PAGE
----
Created and executive produced by showrunners Dana Fox and Dara Resnik, the Apple TV+ original series Home Before Dark (which already received a second season pick-up) is a dramatic mystery inspired by the reporting of the real-life young investigative journalist Hilde Lysiak. After moving from Brooklyn to the small lakeside town her father (Jim Sturgess) grew up in, Hilde (Brooklynn Prince) starts to dig around and unearths a cold case that everyone in town would rather stay buried.
During this interview with Collider, Fox, a co-creator on the series, and director/executive producer Jon M. Chu talked about making a TV series with a kid at the center of it even though it’s not just a kids’ show, what makes Hilde a great character, when they knew the cast they’d put together was really working, their approach for future seasons, and much more.
COLLIDER: This show is really surprising, in that you have a young actress at the center of it, but it doesn’t feel like kids’ content. It has a much more wider and universal appeal for audiences.
DANA FOX: That was the hardest part of the whole show.
JON M. CHU: It’s so nerve-wracking to answer the question of, who is this for? It’s a little girl, that’s for everyone.
FOX: It’s literally for everybody. And it’s for everyone, all over the world. It’s for anybody who’s ever been a kid. It’s for kids. It’s for parents. It’s for adults. It’s for people without children. Our experience is that everybody feels like Hilde is their access character, and because we treat her so seriously, the audience does, too. I’m not gonna lie to you and say it was easy to figure out how to nourish that tone into existence because I’d never seen it before. Jon and I talked so much about the music and the score. We experimented with so many different tones, with our incredible composer, Nathan Lanier. It was like, “No, that’s too kiddie. No, that’s too adult. No, that’s too this. Okay, let’s see what it would sound like if it was The Goonies soundtrack. Now we can feel something. Okay, let’s see what it would sound like if it was this soundtrack.” We found ourselves through that. What we ultimately landed on is that the score has to take Hilde as seriously as she takes herself, so the score has to be from Hilde’s perspective and how she feels, and not the audience. If it’s a moment where she’s reporting on something, she thinks she’s in Spotlight or All the President’s Men. She does not think she’s in a kids’ show ‘cause she’s not in a kids’ show. That’s how we were able to ultimately wrangle our tone into place, by taking that character as seriously as we do.
Jon, I feel like your career is so eclectic. What made you want to have a hand in bringing Home Before Dark to people?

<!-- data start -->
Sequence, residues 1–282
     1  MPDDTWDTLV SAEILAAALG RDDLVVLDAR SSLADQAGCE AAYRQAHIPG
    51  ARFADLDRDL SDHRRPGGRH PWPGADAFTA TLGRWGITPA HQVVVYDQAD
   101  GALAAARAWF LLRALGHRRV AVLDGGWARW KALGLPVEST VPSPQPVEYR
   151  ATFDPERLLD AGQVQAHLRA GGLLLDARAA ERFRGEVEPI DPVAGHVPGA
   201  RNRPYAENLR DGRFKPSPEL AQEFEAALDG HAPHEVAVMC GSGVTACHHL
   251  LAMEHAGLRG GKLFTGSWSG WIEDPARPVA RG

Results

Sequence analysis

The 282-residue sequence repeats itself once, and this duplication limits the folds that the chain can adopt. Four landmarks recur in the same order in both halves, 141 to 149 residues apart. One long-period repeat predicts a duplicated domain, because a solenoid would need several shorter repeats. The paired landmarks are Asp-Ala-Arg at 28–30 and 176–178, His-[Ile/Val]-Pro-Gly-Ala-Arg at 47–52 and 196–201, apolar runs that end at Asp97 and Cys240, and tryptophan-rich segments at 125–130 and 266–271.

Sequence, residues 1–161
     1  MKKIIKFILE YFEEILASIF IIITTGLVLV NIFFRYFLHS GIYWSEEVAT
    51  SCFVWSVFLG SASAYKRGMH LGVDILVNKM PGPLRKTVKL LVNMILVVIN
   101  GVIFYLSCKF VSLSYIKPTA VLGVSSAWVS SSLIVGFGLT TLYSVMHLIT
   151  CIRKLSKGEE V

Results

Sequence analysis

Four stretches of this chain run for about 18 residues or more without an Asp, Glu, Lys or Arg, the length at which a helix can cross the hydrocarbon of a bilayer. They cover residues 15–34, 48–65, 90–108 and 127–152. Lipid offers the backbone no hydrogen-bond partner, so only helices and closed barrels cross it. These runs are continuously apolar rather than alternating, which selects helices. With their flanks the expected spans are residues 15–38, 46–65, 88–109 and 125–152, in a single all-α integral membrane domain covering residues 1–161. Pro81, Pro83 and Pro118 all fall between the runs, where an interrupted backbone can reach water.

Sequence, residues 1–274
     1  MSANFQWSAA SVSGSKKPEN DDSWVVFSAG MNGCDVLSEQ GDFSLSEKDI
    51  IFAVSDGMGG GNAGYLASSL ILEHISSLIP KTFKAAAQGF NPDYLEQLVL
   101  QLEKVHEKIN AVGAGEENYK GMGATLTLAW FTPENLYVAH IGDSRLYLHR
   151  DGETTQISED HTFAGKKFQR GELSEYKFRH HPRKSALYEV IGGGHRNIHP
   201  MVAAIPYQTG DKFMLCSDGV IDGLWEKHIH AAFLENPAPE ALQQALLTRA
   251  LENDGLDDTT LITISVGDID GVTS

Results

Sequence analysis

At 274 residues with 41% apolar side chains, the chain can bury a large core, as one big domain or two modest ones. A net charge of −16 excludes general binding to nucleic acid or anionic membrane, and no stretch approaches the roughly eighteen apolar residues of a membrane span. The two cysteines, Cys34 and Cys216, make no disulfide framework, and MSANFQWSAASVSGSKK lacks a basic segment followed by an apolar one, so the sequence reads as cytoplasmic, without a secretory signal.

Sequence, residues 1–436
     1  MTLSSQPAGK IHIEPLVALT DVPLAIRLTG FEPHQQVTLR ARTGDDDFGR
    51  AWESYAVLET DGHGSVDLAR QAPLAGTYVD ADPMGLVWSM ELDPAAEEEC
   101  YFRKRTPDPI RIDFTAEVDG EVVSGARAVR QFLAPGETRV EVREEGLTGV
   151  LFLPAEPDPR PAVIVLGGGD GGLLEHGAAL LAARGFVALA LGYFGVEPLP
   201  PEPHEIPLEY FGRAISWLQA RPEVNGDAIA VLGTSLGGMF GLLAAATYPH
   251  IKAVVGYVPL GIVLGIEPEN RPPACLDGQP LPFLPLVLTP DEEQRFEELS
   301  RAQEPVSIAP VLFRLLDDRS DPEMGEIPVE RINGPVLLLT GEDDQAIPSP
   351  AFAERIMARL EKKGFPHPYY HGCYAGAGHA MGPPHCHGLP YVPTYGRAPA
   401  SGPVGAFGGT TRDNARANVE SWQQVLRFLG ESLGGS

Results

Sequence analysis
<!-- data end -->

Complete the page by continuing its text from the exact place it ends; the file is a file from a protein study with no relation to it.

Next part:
CHU: It came at a time when I’d just had a daughter. We were still finishing Crazy Rich Asians. After going through the Crazy Rich Asians experience, before it even came out and not knowing how it would do or what it would do in the world, I was in a space of my brain where I wanted to do stuff that matters, and stuff that’s interesting and dangerous and scary. [Dana] came to me with this, talking about Hilde. I had heard about Hilde, the year before, reading articles about her. You could feel the sense of everything changing around us, with truth and facts and journalism, in general, and we just got into a really interesting conversation about, what is truth? What’s everybody’s capacity for truth? We teach our kids to be truthful, and yet we lie to them, on a constant basis. And having a daughter and trying to figure out how I was going to raise her, all of these things felt very relevant to me. The show has such a unique tone, that was not gonna be a kids’ show. I’m also obsessed with true crime docs, so we got in a whole thing about that. It just felt like an amazing challenge, to make this world about a young woman that needs to be taken seriously.
FOX: And once you have the Jon Chu experience, you never, ever want to go back to life without Jon Chu. I came from features and comedy, and he was the one that taught me that, if you do something that truly, deeply and profoundly matters to you, and you’re really trying to actually say something, yes, you want it to be super entertaining and crazy binge-able, but you have to really truly care about something underneath it. For us, it was the truth in a world where, right now, there are attacks on the free press and journalists and fake news, and feeling like there is no way to know what the truth is. If you really, truly care about that thing that’s the core of what you’re doing, you’ll work harder than you’ve ever worked in your life because it means more. It’s not just a piece of entertainment. It means something more deeply. You’re more profoundly connected to it. He taught me that, and now he’s ruined my career because now I never wanna do anything that I don’t feel that strongly about.
CHU: I had never really done television. I had done one pilot, right before, but really knew nothing. It was cool to come into this world and try to shake it up. There’s such an amazing, huge canvas in the television space.
FOX: And TV has become so elevated, in the last couple of years. It’s a place where you get to tell stories, particularly about women, in a way that feels deep and rich, and not just like, “And then, she tripped and fell ‘cause she was adorable.” So, just having this opportunity to bring a cinematic aesthetic to something and being able to explore it as deeply as only TV can let you do, was a dream come true for us.
Jon, were there things that you could do with this show, as a director, that you hadn’t been able to do before?